How Dysregulated Emotions Hijack the Teen ADHD Brain

Emotional dysregulation – one of the most impairing symptoms of ADHD — causes teens to experience volatile, uncontrollable, and explosive feelings. How can parents best support their teens when emotions are intense and unpredictable? Through education, understanding, and compassion.

Adolescence is an unrelenting succession of highs and lows. The swings between euphoria and misery, jealousy and generosity, irritation and vulnerability come quick and complex — and often. These swings can hit like a wrecking ball for teens with attention deficit hyperactivity disorder (ADHD) and its relatively common partner, emotional dysregulation.

Emotional dysregulation infiltrates all parts of teen life – from friendships and romantic relationships to school performance and social media use. 

Though a powerful medium for connection, social media use may have a real, negative impact on teen mental health, as ongoing reports continue to show.1 Cyberbullying, exposure to extremism, and manipulation (sexual and financial) are risks inherent in online use, as addiction stems from an over-reliance on online relationships.

Emotionally dysregulated teens – already more sensitive to peer rejection and acceptance than are neurotypical peers – may be particularly vulnerable to these risks and effects of social media use.

The first step to protecting teens from online relationship risks is to understand how ADHD and emotional dysregulation impact all of their relationships.

Describe your teen for each of the following. If they represent the second description of each item with a description of pretty much or very much it indicted, they may need the most help.

1. Some kids stay positive even when homework is difficult or time-consuming. Some kids get annoyed.

2. Some kids stay cool no matter what the irritation. Some have a short fuse and get easily frustrated by even small things.

3. Some kids take unexpected events in their stride. Some get stressed out if something does not go right.

4. Some kids let things “roll off their backs.’ Some kids scream or “lose it” when they get angry.

Understanding Emotional Changes in Adolescence

The pre-teen and teen years mark a period of significant, overwhelming change.

  • Hormonal changes contribute to mood fluctuations and increased emotionality. During puberty, monthly drops in estrogen levels exacerbate ADHD symptoms in girls.
  • Bodily changes and sexual development are often sources of embarrassment and confusion.
  • Increased academic demands, often accompanied by decreased parental scaffolding, cause stress.
  • A desire for independence, questions around identity, and an expanding social life (and desperation for sensitivity to peer acceptance) all characterize adolescence.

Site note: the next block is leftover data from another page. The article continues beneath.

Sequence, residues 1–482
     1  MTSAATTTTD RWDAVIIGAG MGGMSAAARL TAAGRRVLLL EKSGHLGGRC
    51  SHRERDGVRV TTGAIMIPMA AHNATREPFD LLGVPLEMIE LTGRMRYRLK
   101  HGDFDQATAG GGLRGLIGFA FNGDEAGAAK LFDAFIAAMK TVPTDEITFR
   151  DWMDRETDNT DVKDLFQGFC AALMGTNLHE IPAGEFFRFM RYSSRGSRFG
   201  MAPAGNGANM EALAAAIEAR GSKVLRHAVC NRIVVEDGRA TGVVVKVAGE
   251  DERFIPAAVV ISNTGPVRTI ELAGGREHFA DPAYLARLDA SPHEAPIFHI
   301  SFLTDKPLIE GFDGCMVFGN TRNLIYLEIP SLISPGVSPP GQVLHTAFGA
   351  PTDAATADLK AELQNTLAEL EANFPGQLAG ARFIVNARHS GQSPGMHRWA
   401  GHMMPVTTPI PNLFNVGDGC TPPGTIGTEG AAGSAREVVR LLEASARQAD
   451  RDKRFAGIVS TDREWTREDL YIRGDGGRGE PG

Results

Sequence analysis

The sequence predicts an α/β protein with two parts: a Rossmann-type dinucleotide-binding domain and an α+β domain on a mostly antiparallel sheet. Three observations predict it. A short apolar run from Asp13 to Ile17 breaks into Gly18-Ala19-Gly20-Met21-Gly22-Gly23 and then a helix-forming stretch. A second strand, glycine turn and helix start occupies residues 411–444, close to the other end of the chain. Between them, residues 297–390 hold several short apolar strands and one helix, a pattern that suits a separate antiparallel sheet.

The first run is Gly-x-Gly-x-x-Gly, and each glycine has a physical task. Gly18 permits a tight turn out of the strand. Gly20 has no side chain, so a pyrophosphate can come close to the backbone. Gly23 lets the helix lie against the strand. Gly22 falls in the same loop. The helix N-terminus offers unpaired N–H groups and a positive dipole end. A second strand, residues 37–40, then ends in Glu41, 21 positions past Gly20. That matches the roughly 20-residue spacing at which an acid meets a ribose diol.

• Teens with ADHD struggle to navigate through the above, plus the emotional dysregulation associated with the condition.

The Neurobiology of ADHD Emotional Dysregulation

In neurotypical brains, the limbic system – responsible for emotional and behavioral responses – works with the prefrontal cortex (PFC) – linked to cognitive control and modulation of emotional equilibrium, allowing for goal-directed behavior.

But in ADHD brains, these regions and processes essentially compete for dominance. We want the PFC to win as much as possible, but the limbic system often overpowers it. The result is emotional dysregulation, which, while not part of the diagnostic criteria for ADHD, is increasingly considered to co-occur with the condition frequently.5

Signs of Emotional Dysregulation

In teens with ADHD, emotional dysregulation can manifest in the following ways:

  • Emotional impulsivity
  • Low frustration tolerance; avoidance of difficult situations
  • Irritability; quickness to anger
  • Difficulty balancing positive and negative emotions
  • Increased emotional excitability and speed of escalation; delayed return to baseline
  • Difficulty inhibiting responses, especially negative emotions; outbursts
  • Defensiveness
  • Verbal and physical aggression
  • Emotional volatility
  • Swearing
  • Socially inappropriate, embarrassing behaviors

Emotional dysregulation may be prolonged in ADHD brains due to delayed maturation; it is estimated that children and adolescents with ADHD trail behind their neurotypical peers by a few years. This means that, compared to neurotypical teens, those with ADHD may lack access to the same executive function levels and skills essential for emotional regulation.